Soapy showdown at the coin-operated laundry corral
Big Jim poked at the campfire. “Reckon we’ll get these cattle to the stockyard in two, three days.”
Buck nodded. “S’long as we stay ahead of them rustlers. Ain’t enough of us to hold off them bandits.”
Ol’ Cheyenne squinted at the dark horizon. “Somethin’s out there, mark my words. I kin feel it in my toes.”
“Maybe you’re wearing your spurs on the wrong end of yer boots again,” Slim hooted.
I snickered with the boys until a harsh bark ran the smile clean off my face: “Move your stuff to the dryer already, dude. I need the washer.”
“Yeah, sure, thanks.” I pushed out of the plastic seat and ambled away from the television set. “Sorry, man, I got lost in the Western. I don’t have this channel at home.”
“It’s the only good thing about coming to the laundry,” he said as I hauled sopping socks and soggy jeans out of the washer. He blinked. “Say, don’t you separate colors?”
“Nope, pa’dner. It’s why I buy only black socks and gray boxers. They all jam into one load and nothing turns pink.”
“Smart.” He shook the contents of his basket into the now-empty washer. “Better load your dryer quarters quickly. Looks like the rustlers are slipping the herd out of the corral.”
I was a quarter short. I glanced at the change machine, then at the TV. The dryer could wait until commercial break. Big Jim, Buck and the boys needed me.
There have been periods in my life when meeting TV cowboys and weary strangers at the coin wash was the highlight of my social life. Now we have our own washer and dryer, so I have no social life at all, except when it’s time to launder mattress pads, comforters and other pieces too bulky for our home machine.
My adventures in automated laundries began when I sauntered off to college. I soon learned the value of accumulating quarters throughout the week. I could either waste two bits on rec center video games like Space Invaders or Ms. Pac-Man, or I could wear clean clothes.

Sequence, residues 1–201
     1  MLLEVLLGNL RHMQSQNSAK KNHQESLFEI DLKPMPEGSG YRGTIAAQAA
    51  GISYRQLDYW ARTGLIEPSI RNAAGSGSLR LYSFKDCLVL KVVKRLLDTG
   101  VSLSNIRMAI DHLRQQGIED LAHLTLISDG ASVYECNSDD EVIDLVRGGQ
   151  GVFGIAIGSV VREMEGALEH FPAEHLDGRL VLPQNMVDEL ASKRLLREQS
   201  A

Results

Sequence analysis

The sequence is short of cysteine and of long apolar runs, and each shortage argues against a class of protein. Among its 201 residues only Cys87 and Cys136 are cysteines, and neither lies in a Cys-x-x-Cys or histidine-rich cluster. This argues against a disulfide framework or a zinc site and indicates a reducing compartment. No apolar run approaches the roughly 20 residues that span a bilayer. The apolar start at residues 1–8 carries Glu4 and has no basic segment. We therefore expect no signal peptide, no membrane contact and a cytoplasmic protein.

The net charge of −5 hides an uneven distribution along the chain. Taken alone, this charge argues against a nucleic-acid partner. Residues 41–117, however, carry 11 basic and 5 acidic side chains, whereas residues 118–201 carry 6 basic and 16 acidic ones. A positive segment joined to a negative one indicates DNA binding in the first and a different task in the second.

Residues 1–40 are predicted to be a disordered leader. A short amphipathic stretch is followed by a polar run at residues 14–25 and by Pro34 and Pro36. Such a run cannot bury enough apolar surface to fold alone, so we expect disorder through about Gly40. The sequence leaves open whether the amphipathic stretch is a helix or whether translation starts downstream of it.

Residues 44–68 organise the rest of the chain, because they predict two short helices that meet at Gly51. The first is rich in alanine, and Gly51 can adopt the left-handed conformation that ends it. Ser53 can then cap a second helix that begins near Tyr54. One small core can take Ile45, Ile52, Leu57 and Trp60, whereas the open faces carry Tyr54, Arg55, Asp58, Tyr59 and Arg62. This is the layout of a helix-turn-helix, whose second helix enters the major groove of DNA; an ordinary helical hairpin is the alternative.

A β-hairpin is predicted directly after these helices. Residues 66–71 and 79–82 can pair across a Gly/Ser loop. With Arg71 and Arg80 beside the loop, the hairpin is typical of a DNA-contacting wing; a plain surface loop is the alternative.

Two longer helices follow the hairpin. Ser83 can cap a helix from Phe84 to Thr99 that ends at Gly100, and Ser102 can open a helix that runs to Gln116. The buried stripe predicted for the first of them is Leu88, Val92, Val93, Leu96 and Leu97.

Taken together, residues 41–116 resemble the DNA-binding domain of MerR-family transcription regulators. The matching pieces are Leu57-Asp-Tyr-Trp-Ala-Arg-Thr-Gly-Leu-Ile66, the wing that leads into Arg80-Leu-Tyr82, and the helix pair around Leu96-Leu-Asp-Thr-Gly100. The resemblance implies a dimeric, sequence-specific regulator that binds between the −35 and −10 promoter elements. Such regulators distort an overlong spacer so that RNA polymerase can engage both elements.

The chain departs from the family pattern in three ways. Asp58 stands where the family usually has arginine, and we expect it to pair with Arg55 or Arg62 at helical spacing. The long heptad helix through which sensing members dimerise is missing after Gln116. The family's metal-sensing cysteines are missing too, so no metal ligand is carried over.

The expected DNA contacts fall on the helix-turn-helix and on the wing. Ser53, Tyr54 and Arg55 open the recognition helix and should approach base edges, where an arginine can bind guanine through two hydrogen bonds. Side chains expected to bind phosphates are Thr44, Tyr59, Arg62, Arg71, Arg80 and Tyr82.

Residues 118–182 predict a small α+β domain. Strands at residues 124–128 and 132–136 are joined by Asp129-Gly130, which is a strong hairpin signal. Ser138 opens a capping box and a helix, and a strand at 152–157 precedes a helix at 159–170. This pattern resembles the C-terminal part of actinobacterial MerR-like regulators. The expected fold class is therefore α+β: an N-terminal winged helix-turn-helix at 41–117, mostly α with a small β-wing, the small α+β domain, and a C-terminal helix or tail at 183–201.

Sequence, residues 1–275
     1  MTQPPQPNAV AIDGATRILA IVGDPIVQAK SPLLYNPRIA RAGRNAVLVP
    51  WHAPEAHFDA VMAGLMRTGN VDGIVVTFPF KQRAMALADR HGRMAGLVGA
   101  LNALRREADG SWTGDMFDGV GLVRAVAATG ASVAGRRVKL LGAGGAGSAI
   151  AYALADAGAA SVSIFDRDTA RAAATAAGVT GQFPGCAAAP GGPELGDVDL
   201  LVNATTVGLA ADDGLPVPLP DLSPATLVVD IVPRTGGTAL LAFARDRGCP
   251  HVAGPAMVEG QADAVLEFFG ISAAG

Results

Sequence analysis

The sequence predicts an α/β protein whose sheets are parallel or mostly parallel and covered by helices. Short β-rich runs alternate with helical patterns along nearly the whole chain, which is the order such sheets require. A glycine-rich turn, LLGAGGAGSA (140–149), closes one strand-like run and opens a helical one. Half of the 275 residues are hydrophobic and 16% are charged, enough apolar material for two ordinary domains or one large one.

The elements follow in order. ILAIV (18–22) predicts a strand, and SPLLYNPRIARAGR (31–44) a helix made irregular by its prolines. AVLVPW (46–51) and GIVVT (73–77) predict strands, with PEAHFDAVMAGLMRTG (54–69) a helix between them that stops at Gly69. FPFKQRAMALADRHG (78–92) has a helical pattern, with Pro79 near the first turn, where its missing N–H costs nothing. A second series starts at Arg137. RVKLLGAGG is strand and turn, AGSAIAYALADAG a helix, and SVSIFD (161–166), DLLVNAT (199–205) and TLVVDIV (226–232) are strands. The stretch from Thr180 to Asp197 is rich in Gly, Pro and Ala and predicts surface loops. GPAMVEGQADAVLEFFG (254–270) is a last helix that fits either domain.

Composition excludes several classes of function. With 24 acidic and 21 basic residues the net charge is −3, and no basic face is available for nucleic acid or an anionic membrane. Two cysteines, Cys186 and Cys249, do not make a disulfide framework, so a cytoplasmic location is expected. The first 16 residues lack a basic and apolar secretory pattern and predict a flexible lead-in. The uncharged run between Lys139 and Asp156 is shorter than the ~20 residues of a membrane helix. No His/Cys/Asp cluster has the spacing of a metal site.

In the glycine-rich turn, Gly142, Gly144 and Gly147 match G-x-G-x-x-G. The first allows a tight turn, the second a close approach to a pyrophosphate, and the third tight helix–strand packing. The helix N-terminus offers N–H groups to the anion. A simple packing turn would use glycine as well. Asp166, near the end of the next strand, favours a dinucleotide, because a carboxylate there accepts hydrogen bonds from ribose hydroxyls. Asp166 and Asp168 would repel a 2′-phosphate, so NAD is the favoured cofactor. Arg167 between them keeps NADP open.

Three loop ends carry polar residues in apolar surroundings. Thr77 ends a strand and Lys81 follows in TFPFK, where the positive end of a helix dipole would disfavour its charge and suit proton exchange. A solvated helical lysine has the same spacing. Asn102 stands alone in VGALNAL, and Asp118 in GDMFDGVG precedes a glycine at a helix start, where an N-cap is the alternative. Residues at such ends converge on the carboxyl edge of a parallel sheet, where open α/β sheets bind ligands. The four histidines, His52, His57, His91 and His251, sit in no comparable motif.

Which is how I learned that if you turn T-shirts inside out and air them over chair backs for a week, I could set a new high score on Ms. Pac-Man.
Eventually, as can happen when a guy blinks, I woke up one morning to discover that I had a wife and a baby daughter, both of whom were fussy that Saturday. I tripped over an overflowing laundry basket and realized we had yet to acquire a washer in the apartment.
You know, it had been months since I had watched a good Western.
“Tell you what,” I offered. “You two stay here and nap or something, and I’ll run to the laundromat.”
One of the fussies said, “I’ll sort the clothes, first. I don’t trust you.” The other fussy bawled for her pacifier.
A couple Westerns later, I had three baskets of laundry washed, dried and mostly folded. I gave up on the ink-stained fitted sheets, and just crumpled them into balls.
“What are these ink stains all over my sheets!” one of my fussy ladies demanded after I rode home. “Didn’t you check the pockets like I told you?”
I nudged the brim of my cap, cowboy style. “I ‘spect it was them low-down rustlers, ma’am. Those sneaky varmints must’a spilled Bic ballpoints all throughout the sheep, uh, sheets. Check to see if they go away with any lambs or wool socks, and notify the sheriff. Now if you’ll excuse me, the little missy over there needs her pacifier and I aim to get it for her.”
And that’s how my adventures in coin-operated laundries rode off into the sunset.
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